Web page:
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I am doing some web data classification task and was thinking if I could get the co-ordinates of html elements as they would appear on a web-browser without taking into consideration any css or javascript being referred in the web page.

My language of programming is c++ and the need results for a couple million of pages, so it has to be fast. I know there is a Microsoft COM component which renders the page in a web browser control and then can be queried for position of different html tags. But this is not suitable in my case as it first renders the whole page which takes up a lot of time.

So as I found out, there are open-source layout engines WebKit, Gecko that can probably be used for this. But that's a huge piece of code and I need someone to direct me to the right classes or right modules to look into or any previous/similar work someone has done previously. Also, please let me know what you guys think is a good choice if I want to customize the existing code for use with multiple threads to make it faster.


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Don't you have the problem of HTML itself not specifying layout details then (i.e. it all depends on the defaults of the layout engine)? – Georg Fritzsche Apr 24 '10 at 20:07
Maybe I forgot to put this, relative position of elements with respect to each other is more important in my case and if you notice, most browsers render web pages in an almost similar way. So it doesn't really matter which rendering engine is used but important is that I get the position coordinates of elements that it renders. – Mexx Apr 24 '10 at 20:26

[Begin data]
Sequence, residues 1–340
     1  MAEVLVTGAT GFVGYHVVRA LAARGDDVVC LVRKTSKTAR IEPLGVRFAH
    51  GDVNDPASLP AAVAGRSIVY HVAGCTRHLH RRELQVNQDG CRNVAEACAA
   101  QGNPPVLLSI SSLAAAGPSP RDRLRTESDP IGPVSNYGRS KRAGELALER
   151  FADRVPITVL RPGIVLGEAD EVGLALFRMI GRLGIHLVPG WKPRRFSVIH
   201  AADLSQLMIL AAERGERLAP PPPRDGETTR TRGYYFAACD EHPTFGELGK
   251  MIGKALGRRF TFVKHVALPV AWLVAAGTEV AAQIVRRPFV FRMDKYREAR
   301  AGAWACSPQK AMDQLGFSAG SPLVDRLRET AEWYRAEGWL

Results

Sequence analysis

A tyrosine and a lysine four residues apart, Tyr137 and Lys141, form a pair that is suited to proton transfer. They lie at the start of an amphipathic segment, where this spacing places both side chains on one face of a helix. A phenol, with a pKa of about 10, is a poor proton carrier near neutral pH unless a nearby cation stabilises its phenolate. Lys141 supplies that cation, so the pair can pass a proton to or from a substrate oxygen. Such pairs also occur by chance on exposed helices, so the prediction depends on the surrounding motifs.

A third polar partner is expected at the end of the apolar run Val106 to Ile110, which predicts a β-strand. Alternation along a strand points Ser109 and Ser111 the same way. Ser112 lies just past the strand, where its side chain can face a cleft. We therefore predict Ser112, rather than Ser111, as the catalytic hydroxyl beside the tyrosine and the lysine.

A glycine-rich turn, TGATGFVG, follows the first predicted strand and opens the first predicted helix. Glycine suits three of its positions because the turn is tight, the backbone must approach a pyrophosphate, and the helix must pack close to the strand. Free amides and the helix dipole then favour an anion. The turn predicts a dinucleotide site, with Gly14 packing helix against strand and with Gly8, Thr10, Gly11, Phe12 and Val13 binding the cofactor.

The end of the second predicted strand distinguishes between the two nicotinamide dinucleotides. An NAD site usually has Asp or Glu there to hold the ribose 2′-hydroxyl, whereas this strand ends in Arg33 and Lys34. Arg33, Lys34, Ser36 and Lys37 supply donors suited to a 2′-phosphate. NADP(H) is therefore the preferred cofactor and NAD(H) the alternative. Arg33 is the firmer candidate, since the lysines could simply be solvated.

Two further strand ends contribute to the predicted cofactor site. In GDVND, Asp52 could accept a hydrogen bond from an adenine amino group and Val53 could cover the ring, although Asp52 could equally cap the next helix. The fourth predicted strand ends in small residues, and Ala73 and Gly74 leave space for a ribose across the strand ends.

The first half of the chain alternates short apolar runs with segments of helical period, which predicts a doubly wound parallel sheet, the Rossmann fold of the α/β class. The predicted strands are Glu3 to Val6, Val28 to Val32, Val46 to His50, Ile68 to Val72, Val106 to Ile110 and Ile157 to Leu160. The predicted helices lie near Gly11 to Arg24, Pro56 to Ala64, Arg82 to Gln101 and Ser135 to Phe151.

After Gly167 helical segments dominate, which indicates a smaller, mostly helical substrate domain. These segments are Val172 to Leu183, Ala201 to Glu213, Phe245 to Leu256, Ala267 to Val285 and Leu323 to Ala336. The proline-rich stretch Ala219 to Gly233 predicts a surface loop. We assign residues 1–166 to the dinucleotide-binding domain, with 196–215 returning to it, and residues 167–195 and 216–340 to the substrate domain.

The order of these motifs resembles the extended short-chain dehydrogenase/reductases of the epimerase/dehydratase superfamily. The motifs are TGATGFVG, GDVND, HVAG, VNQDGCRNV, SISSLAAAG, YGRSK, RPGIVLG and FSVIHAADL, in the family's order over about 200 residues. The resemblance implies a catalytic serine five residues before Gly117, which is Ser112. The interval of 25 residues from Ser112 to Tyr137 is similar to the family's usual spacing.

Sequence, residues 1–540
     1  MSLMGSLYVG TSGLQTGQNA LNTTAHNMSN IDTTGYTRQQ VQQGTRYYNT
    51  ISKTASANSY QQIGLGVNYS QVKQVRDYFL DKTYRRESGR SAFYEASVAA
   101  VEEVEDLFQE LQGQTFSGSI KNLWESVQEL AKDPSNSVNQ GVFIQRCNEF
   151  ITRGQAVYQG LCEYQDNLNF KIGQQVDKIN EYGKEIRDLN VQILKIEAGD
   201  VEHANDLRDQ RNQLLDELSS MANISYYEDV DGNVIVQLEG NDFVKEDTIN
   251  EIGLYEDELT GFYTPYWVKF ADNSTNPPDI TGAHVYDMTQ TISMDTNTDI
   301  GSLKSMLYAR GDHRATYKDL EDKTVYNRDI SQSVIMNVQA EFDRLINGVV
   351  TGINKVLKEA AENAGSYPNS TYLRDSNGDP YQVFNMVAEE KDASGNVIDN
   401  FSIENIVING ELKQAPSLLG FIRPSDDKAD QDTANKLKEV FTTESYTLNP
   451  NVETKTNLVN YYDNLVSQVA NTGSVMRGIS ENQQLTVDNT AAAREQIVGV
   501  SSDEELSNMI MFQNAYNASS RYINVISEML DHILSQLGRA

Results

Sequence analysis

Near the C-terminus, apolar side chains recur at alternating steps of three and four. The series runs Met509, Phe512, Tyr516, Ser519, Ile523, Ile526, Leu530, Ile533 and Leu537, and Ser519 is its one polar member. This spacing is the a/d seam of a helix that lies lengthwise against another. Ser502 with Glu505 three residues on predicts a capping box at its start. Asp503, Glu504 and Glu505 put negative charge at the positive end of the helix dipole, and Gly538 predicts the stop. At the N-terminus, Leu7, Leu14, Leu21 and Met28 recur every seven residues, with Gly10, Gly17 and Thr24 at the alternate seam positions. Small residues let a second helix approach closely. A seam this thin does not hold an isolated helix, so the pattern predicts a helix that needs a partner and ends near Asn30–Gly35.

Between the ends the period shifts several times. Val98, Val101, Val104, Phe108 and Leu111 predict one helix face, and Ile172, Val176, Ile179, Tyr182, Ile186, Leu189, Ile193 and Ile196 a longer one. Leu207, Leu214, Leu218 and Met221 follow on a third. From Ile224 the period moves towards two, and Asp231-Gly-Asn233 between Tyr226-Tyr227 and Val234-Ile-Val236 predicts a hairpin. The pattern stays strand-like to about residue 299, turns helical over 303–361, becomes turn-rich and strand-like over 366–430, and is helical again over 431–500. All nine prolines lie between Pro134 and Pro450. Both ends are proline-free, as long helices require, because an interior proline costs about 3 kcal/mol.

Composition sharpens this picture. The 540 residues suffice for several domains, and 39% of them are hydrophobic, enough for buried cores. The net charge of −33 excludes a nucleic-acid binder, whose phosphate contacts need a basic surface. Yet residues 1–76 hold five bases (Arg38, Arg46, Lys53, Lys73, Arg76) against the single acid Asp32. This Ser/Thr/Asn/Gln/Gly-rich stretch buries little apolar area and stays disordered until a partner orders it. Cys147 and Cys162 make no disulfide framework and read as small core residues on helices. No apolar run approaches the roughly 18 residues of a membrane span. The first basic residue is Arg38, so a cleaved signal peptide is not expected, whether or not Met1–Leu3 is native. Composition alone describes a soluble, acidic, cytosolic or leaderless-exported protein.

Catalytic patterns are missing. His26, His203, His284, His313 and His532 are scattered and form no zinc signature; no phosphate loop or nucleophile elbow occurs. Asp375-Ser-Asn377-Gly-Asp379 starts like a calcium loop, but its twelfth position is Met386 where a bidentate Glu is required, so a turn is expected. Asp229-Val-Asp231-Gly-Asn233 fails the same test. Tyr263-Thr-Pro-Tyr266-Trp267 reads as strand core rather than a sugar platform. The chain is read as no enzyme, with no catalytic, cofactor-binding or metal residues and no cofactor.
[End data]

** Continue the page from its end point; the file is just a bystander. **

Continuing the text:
1 Answer 1

Generally, you would find that different page rendering engines do render the html in their own way and the results will differ.

The thing is that if you stick to any concrete browser engine, what you are to do is somehow bringing this engine into your project and using engine's interface to retrieve these coordinates. Kind of a tough task though, simply because you'll have to read a lot of documentation and crawl through thousands of files.

I think that right approach would be posting this task in some place, that is specific for the page rendering engine you've chosen. (gecko/webkit/...)

If you prefer sticking to something MS-specific, guess it's gonna be easier, but can't help you with something like class names or code chunks that you want to see. Probably somebody else could guide you in this case.

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as I mentioned, it is not important which rendering engine is being used or if they render it differently, but position of elements that it will render and how easy it would be to integrate in my code. And I agree, my results would be biased coz of the engine I use..I think it is a good idea to post in respective forums..but I am still open to further comments and suggestions..Thanks – Mexx Apr 24 '10 at 20:32
Hm, forgot to mention... I'm not quite sure about your actual aim, but I think, that before digging into web engines' code you should actually think about all these differences between renderers. Cause even in case of simple html web-designers often make different layouts, apply fixes for different browsers, etc... Imagine how different will the rendering look, when, e.g JavaScript is involved. Even window width or enabling / disabling of your browser's toolbar could affect elements positioning. I guess this is the case where planning your application should take REALLY a lot of time – Costantino Rupert Apr 24 '10 at 20:47

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